Friday, January 31, 2014

I've Got a Gas (Bill) Problem, St Louis: Friendly Money Tips

St. Louis weather, if you haven't noticed, is a little mercurial.  Which means, when it's Winter, my bills are inflated.  I can stand heat, but Dante got it right.  Being cold is a form of pain.  And doubly so when you have to pay for it.

I hate being cold and my body seems to have an inability to stay warm, but does that mean I really crank up the  heat?

I turn the heat down when I am out and sleeping, dress in layers, have a portable space heater, and drink warm beverages.
Even with all of this, my past gas bill from Laclede had a hefty price in the "Amount Due" column.  

So hefty that I sprung to action (read: googled), because between us I can't pay that amount again this year. 

There are a few challenges though. 
1.) I have an apartment, and while it is as homey as a house with a paid off mortgage, it is not mine.  
Which means whatever I do to outsmart the cold, I can't make lasting structural changes.  
2.) And I have to keep the ROI in mind, because someday I will be leaving and can't necessarily take my improvements along. 
3.) Googling. Websites galore tell you how to save money, but they assume a certain level of...let's call it naive thinking.  Additionally advice is geared towards home owners.  Basically I found the tips to be relatively unhelpful.  
Big challenges.

After tackling these and having a little success, I thought, why not help prevent bill shock for you?
I want you to be able to save (hopefully) many dollars.

I will post a few of the things I had not considered and have now employed.

Your Water Heater and You 

That's right, it's in your creepy basement, the water heater.
I was scared to approach mine and dial back the temperature of the heat. 
I envisioned slipping with my screw driver and getting scalded.  
Also I envisioned a scary person lurking down there, but both of these fears were needless.
(The person lurking down there was actually quite nice.)

I read that you need to remove a plate on your water heater with a flat head screwdriver to reveal the temperature knob. 
As it happens, I did not even need a screwdriver. 
This is what I found:

It was as if the water heater wanted to be condescending.  Hot, Warm, Vacation.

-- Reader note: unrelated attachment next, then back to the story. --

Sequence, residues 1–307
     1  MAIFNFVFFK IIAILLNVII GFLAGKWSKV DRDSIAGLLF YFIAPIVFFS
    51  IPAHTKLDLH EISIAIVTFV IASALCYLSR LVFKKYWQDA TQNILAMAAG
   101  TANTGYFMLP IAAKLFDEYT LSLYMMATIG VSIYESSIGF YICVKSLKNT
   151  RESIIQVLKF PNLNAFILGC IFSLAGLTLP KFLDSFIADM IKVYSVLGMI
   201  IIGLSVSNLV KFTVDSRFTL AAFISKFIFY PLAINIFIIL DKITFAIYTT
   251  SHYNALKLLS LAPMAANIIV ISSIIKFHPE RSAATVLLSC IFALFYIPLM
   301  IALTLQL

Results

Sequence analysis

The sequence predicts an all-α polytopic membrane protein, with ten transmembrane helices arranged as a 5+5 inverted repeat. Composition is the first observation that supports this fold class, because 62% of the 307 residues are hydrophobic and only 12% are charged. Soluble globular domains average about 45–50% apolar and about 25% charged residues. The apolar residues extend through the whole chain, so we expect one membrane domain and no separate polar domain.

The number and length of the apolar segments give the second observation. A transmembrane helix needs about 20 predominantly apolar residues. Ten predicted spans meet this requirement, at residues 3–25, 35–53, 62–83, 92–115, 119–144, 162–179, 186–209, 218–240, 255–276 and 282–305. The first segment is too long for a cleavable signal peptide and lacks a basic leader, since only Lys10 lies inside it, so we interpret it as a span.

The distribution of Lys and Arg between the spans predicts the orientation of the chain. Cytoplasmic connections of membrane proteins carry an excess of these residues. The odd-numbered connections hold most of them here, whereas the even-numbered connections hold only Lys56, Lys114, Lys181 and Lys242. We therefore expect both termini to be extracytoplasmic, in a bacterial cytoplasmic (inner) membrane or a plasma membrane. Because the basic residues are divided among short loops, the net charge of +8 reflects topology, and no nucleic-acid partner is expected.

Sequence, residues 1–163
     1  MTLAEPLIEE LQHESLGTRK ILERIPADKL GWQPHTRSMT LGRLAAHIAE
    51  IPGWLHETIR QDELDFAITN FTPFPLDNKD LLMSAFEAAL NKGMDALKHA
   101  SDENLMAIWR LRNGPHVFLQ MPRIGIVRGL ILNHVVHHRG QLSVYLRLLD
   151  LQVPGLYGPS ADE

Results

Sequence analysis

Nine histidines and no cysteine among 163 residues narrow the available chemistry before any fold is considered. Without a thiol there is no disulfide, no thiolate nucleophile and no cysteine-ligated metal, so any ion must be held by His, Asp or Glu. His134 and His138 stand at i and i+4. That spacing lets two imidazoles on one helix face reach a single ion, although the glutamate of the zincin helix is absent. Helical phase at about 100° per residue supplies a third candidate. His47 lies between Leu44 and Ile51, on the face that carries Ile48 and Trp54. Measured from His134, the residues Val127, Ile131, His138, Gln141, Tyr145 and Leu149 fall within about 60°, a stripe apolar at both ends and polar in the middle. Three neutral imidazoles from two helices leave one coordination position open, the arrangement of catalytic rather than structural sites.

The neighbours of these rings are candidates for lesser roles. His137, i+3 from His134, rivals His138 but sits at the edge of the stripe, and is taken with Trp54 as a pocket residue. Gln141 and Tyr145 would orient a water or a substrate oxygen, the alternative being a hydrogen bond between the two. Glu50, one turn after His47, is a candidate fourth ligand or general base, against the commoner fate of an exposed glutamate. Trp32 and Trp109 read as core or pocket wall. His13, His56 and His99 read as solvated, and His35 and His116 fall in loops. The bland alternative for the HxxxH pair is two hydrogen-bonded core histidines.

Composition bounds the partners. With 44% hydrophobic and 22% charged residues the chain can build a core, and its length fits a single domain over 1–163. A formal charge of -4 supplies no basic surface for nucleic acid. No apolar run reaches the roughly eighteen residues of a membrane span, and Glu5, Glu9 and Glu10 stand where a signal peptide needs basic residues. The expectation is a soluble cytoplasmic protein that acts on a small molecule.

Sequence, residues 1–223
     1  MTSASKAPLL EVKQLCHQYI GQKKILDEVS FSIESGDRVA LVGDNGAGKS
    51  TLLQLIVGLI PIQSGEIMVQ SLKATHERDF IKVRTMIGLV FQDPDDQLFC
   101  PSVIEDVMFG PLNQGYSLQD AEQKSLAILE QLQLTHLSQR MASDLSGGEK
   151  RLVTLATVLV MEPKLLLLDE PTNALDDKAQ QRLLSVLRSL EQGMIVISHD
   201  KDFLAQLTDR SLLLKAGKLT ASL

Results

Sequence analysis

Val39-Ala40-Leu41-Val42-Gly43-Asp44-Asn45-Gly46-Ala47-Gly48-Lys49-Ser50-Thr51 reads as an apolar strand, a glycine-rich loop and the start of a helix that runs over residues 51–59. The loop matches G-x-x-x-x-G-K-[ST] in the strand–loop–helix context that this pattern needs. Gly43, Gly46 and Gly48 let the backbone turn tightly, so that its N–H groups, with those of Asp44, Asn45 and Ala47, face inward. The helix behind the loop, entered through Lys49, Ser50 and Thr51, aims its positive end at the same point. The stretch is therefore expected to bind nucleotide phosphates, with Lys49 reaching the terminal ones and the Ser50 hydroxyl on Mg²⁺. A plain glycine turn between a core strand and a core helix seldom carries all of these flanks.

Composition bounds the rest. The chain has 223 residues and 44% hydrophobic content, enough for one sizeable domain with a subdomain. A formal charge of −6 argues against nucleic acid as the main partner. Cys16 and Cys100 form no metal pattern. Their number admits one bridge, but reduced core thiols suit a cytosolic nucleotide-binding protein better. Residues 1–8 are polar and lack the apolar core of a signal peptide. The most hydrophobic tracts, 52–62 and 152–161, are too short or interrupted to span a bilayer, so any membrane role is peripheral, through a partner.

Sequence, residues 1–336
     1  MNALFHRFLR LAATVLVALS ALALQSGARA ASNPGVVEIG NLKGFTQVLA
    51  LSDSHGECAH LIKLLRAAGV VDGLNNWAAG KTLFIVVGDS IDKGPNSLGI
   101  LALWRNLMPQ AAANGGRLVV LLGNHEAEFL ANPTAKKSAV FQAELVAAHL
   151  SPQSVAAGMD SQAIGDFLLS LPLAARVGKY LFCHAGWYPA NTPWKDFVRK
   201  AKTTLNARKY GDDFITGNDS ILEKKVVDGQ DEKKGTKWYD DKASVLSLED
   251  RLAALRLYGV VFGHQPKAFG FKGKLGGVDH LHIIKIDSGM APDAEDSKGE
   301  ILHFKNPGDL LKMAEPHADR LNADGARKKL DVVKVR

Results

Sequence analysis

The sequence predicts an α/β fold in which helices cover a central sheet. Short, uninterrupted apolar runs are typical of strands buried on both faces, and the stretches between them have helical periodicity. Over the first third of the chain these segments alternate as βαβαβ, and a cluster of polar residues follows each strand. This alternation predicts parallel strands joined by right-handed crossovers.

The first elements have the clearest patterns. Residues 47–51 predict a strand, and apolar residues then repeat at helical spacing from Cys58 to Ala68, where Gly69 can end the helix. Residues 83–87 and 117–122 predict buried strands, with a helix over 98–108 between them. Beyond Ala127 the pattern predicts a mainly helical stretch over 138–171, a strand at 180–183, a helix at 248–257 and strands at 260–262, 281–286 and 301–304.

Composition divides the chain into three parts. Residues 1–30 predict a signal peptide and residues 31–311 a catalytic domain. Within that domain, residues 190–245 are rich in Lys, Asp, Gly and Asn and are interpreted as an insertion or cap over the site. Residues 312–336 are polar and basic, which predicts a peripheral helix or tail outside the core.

(Really water heater?  You think I go on Vacation? More like Stay-cation.)
I turned the knob and hope that next week my new bill will show an improvement.

Am I taking cold showers?  How is the water temperature now?
Not terrible.  Some days the water is hotter than others. It is not scalding hot but not cold and in the long run my skin is probably better off.

How have your bills this season been?  Have you stumbled across any great tips you'd like to share?

Check out this site if you want to learn more.

Tuesday, January 28, 2014

Flirt, Write, and Talk Boldly: Listed Resolutions and a Revelation

Here is my short list of New Year's Resolutions.

I will at any point expand or annotate it, because I love a good list.

(Yes, this is written on a Christmas card envelope.
I love writing on envelopes.)

Typically I don't commit to a list before the new year.  Nor do I kick it off right away or broadcast it.  I try (if I do have some resolutions) to adopt new habits, not abolish them.  They are born out of necessity, not convention. 

Can you see the pattern in my list this year?
It took awhile for me to spot.  
Think on it a moment.

Actually, the pattern, was revealed in a quiet moment of prayer.  It came during one of those liturgical moments of silence, during a prayer of confession, while praying for sins to be revealed. 
The thought without lead-in came fully formed: 
"You're hiding."

And so I am.  And so I have been.  Daily pulling a metaphorical huge hoodie over myself.  The soft folds swallow and comfort all of me and conceal me as well.  We all are at times, hiding, and need to be to heal or grow, but my time and need for hiding is over.  It has become a protected, easy, and admittedly lazy place.  
I know it's high time that I am seen again.  Full on. 
Not quite metaphorical spandex unitard with visible panty-lines "seen," but...this metaphor is unraveling fast. I hope you understand.  

Not to say that this list came out of those revealing two words.  
It came before.  

I'm so glad that they align.  
But of course with a listening heart, they always would. 

Sunday, January 26, 2014

Dear Jon (Letter), The Breakup Part II

Returning home with my new phone was problematic.  I left the store glad and sure of my purchase.  I did not get far.